Lincoln Clay is wanted by the Italian mafia, his adopted family has been massacred, and he’s a black man in the southern United States during the late 1960’s. In his hometown of New Bordeaux there are businesses that proudly display “no colored allowed” signs in their windows. There are whole neighborhoods that Lincoln Clay cannot be in without getting the side-eye from white citizens while walking by. The police will always watch him, call him “boy” and will open fire on Clay if he commits any crimes in their vicinity. To everyone else, he is defined by the color of his skin; a man barely qualified to supply menial labor for his supposed betters. Despite all this, Lincoln Clay will shortly own everything in New Bordeaux because he is the star of Mafia III and whatever social commentary the game has will be lost in an open-world grind.
After the jump, all colors allowed.
“Your kind always cuts and runs at the first sign of trouble. They always do.” Thomas Burke growls at Lincoln Clay. He’s a drunken Irishman (talk about stereotypes!) and his opinion of Clay and blacks in general is one of many instances of casual racism in Mafia III. Burke will eventually be an ally in Clay’s multicultural criminal empire but those words will always be in their past. Even Cassandra, the leader of the Haitian mob, accuses Clay of being a race-traitor for working for the white man early on. Clay is biracial, but as another character points out, the non-black half means nothing. He’s black to everyone that meets him. It’s a bold decision to depict the 60’s from the point of view of a black man in this time of Black Lives Matter and police reform. Hangar 13 and 2K Games almost pull it off.
Tarry too long in places unwanted and Lincoln Clay becomes the target (literally) of police. White civilians openly stop and stare at Clay when he’s in the wrong neighborhood. Poor black areas get lax police coverage. The in-game radio deejays read news stories of black men getting shot for being black. Conversations are liberally sprinkled with the n-word. “Coon” and “jig” are polite talk. Some of the enemies in the game are good ol’ boys with pickup trucks painted with Confederate flags. Others are not even that subtle. While it’s cathartic to mow down a Klan meeting with a machine gun or lob firebombs into bigots, there are those damn signs hanging in business windows that just won’t go away. “No colored allowed.”
For all the sensitive and smart handling of race, Mafia III lurches from one open-world cliche to another. Unlike Mafia II’s largely linear presentation, Mafia III goes hog-wild emulating Assassin’s Creed. Lincoln Clay can see and track enemies through walls because something something special forces training. His associates can practically teleport cars and guns to his location because reasons and a CIA friend. He even has throwable voodoo fetish dolls that attract enemies because fuck it all. You just want to kill people, right?
And boy, will you kill a lot of people. Based on the amount of baddies you dispatch, Lincoln Clay could’ve won the Vietnam War by himself. In his revenge quest to take down mafioso Sal Marcano, Clay must chew through each level of Marcano’s organization. All the capos, every lieutenant, each with at least two neighborhood enforcers that you can kill or recruit, and every one of those guys has dozens of henchmen. And you have to do it. You can skip a few encounters, but you have to kill enough guys and destroy enough stuff in each district to make that mini-boss appear to get to the next story beat.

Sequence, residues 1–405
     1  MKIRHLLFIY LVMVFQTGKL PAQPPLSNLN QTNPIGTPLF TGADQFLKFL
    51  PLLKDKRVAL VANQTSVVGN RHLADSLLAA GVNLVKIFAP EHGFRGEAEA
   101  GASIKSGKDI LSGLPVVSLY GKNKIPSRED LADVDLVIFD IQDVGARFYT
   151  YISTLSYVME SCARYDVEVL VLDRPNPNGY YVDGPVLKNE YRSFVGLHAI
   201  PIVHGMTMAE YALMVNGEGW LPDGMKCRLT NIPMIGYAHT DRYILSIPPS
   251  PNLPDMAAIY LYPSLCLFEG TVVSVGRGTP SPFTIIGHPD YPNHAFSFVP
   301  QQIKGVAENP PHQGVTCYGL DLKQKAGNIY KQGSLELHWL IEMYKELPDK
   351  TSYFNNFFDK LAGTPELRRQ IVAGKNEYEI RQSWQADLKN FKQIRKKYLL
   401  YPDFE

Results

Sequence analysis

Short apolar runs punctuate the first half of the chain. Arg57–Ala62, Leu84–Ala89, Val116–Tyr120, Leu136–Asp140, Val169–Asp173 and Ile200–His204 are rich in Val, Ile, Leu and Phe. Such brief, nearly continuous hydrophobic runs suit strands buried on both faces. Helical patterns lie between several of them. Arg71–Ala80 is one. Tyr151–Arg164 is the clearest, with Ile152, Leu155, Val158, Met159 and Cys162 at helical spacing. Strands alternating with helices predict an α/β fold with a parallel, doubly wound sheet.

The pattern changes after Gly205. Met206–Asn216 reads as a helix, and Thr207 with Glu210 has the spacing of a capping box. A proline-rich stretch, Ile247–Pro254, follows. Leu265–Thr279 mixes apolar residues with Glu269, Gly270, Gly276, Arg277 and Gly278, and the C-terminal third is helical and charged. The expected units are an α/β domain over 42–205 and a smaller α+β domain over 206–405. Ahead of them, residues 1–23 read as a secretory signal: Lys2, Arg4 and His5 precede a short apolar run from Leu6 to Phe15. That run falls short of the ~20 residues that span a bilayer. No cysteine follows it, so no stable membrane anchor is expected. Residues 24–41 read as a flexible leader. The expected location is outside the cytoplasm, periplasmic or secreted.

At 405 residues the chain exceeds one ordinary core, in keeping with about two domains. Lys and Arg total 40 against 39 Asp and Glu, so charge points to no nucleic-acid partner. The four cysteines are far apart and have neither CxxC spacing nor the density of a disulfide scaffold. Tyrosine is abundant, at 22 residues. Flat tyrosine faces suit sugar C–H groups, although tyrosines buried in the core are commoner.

If you want to kill a lot of brainless enemies, New Bordeaux is the place to do it. Just hide and whistle the bad guys over to take them out silently. Repeat ad nauseum. It’s a conga line of discount dumbasses idiotically shuffling to the doom. “I’ll find you!” they yell just before joining a pile of their dead brethren.
But let’s say you want to mix it up with a firefight. Gunplay is serviceable, but the infantile behavior of the enemies remains a problem. Sometimes, they’ll just forget they’re in a gun battle and start jogging in place, or stand there mouths agape, searching for you when you’re right there. To make matters worse, loud gunfire can sometimes attract the authorities who will never engage the other bad guys, only you. There’s a simple hand-wave that explains the police are loyal to your nemesis, but it’s obviously cheap plaster to cover the shoddy enemy intelligence. Clay is never not a wanted man, easy to identify in his permanent green surplus military jacket and severe haircut.
One striking mission near the beginning leads to a tense and atmospheric showdown in an abandoned amusement park. Rides derailed and rusted into disrepair. Neon flickering between swamp vines. The boss encounter is set in a comically racist version of Mr. Toad’s Wild Ride based on a local legend. There’s another set-piece on a sinking riverboat, the waters around infested with hungry gators. It’s a ruse, though. No other encounters are as memorable or as carefully crafted. It’s mostly nondescript warehouses, garbage-strewn alleyways, and dingy buildings from then on. To add insult to injury, each district has at least one area that you’ll visit twice! Once to kill henchmen, and later when the district boss appears.